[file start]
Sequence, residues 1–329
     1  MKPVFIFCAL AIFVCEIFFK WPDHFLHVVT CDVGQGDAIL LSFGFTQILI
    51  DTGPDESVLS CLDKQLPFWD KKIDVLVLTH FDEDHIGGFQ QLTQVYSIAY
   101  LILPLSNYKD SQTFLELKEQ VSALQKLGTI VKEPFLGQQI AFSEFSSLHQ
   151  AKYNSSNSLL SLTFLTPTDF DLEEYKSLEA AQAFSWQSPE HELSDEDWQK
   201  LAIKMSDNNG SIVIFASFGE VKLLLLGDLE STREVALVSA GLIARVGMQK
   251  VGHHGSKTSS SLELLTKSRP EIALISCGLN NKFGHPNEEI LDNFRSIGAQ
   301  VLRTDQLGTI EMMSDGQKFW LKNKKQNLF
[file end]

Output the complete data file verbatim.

Sequence, residues 1–329
     1  MKPVFIFCAL AIFVCEIFFK WPDHFLHVVT CDVGQGDAIL LSFGFTQILI
    51  DTGPDESVLS CLDKQLPFWD KKIDVLVLTH FDEDHIGGFQ QLTQVYSIAY
   101  LILPLSNYKD SQTFLELKEQ VSALQKLGTI VKEPFLGQQI AFSEFSSLHQ
   151  AKYNSSNSLL SLTFLTPTDF DLEEYKSLEA AQAFSWQSPE HELSDEDWQK
   201  LAIKMSDNNG SIVIFASFGE VKLLLLGDLE STREVALVSA GLIARVGMQK
   251  VGHHGSKTSS SLELLTKSRP EIALISCGLN NKFGHPNEEI LDNFRSIGAQ
   301  VLRTDQLGTI EMMSDGQKFW LKNKKQNLF